In the whole world of love and affection, there is no love that beats the love of a mother for her children. Earlier exclusively attributed to humans only due to their improved cognitive functions and social structures, it is now a well documented fact that all mother's irrespective of their taxonomic position show a high level of caring for their children.
To understand it better now lets go back to our childhood, somehow our mothers always knew when we were hungry or when we experienced a agony. Mothers seem to have an instinct related to their children and if not all most of the time mothers are correct! How this happens?
A recent discovery carried out by Ryoichi Teruyama and a team of student researchers at Louisiana State University (LA, USA) may have given scientists a more complete understanding of the mechanisms underpinning maternal instinct. The study has revealed differences in the distribution of neurons sensitive to oxytocin in female brains compared with male brains. Oxytocin is a neurotransmitter and hormone found in a variety of species. It is known as the love hormone, and plays a pivotal role in regulating maternal behavior, as well as being responsible for modulating a variety of social behaviors including: maternal care, sexual behavior in both sexes, bonding and anxiety.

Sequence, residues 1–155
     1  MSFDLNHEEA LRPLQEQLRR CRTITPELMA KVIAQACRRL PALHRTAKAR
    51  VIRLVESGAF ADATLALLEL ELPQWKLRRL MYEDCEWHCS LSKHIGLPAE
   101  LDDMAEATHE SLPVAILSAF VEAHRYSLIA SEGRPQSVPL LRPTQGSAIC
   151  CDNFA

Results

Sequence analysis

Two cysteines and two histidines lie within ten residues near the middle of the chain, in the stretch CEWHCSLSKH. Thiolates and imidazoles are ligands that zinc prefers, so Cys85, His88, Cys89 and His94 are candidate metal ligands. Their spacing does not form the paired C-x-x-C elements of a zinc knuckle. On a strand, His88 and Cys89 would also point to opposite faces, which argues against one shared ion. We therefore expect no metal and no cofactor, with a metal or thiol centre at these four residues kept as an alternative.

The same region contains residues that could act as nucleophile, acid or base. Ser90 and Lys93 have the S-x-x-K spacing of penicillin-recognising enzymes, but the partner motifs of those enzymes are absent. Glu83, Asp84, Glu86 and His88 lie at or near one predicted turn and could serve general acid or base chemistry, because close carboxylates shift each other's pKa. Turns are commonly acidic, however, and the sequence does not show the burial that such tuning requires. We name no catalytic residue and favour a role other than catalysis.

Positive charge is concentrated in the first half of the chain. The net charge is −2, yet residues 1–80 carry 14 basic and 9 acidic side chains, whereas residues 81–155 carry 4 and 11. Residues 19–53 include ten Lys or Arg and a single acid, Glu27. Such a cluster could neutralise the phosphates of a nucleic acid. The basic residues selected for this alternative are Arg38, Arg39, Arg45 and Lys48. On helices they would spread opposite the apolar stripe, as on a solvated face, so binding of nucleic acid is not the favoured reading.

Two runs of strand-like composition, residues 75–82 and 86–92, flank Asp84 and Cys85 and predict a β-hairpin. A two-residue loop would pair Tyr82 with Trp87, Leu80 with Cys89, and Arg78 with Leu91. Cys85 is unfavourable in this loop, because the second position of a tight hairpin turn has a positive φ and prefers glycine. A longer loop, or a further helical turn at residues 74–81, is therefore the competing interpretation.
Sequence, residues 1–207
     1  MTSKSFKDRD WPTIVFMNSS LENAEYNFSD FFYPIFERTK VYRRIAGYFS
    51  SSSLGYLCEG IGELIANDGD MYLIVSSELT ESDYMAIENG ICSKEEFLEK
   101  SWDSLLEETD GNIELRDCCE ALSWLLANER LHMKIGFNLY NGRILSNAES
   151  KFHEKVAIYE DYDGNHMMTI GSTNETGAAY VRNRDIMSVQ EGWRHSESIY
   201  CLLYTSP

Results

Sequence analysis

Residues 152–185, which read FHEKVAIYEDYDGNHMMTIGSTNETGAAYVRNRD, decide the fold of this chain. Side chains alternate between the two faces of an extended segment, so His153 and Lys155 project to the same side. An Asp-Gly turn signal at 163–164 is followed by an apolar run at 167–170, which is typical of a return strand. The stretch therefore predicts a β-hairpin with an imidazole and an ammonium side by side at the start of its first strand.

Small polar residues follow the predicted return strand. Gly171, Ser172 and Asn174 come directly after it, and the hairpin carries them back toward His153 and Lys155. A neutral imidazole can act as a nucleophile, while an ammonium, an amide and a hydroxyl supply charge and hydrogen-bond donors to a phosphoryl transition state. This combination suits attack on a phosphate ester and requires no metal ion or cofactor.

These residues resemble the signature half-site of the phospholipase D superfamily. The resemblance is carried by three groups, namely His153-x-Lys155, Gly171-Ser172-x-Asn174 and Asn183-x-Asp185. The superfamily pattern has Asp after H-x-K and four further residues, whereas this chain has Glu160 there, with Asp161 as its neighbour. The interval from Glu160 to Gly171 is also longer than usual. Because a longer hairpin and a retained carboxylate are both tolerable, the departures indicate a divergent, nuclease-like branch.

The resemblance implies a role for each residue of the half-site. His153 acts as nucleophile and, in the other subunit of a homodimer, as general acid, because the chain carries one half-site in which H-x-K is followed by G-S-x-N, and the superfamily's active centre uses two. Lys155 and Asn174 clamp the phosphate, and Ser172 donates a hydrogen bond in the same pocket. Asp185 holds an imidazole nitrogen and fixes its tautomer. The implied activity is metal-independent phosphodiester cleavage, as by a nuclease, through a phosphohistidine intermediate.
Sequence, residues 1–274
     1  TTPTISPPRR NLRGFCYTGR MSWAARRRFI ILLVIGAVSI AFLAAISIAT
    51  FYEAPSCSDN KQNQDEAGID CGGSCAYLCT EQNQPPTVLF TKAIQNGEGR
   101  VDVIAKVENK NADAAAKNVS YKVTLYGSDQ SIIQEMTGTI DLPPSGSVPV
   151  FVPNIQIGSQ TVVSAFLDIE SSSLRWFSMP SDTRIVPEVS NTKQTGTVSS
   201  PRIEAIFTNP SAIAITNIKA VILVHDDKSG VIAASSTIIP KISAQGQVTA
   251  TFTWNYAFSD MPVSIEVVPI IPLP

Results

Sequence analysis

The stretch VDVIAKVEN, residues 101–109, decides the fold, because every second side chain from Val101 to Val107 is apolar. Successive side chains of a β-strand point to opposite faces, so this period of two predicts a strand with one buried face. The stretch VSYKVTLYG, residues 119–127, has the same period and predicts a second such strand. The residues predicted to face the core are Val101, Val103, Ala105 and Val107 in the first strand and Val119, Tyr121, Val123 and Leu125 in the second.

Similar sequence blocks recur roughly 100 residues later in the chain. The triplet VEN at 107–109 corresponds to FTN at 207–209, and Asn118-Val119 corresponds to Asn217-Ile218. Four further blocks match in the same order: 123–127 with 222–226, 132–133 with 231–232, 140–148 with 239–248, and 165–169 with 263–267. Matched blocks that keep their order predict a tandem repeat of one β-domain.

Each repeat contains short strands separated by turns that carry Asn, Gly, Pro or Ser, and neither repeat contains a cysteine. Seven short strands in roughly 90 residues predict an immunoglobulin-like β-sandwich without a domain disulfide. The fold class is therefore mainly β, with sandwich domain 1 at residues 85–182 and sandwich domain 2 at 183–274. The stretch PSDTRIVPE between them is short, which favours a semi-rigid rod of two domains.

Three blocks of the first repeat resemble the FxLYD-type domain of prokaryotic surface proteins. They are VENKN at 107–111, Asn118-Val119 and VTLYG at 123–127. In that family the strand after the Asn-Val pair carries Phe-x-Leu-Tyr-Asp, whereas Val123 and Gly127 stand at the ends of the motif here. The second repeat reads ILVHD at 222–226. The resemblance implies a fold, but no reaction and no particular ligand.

“Many researchers have attempted to investigate the difference between the oxytocin system in females versus males, but no one has successfully found conclusive evidence until now. Our discovery was a big surprise,” Teruyama commented.
The team concentrated on the medial preoptic area (MPOA), an area of the brain that forms part of the essential neural circuit that regulates maternal behavior. Using oxytocin receptor (OXTR)-Venus knock-in mice, in which a yellow fluorescent protein is directly inserted into the locus where OXTR is usually located, scientists had the ability to image where OXTR was being expressed.
Whilst there were no significant differences in the amount of OXTR cells located in the MPOA between male and females, it was demonstrated that neurons expressing OXTR were found in the anteroventral periventricular nucleus (AVPV) of the MPOA in females almost exclusively.
When the female OXTR-Venus mice received ovariectomies, OXTR was no longer expressed in the AVPV. However, expression could be restored upon receiving estrogen replacement therapy. This finding denotes estrogen dependence and the female-specific nature of OXTR expression in the AVPV, indicating that these neurons play a role in the induction of maternal responses.
Previous studies have shown a link between altered expression of OXTR and postpartum depression, which is associated with poor maternal health and substandard child development. This work has the potential to contribute to future treatments and pharmaceuticals for postpartum depression where the OXTR cells are targeted.
1. The original article published inBiotechniques. Note: Content edited for style and length.
2. Image courtesy: Pxhere.com.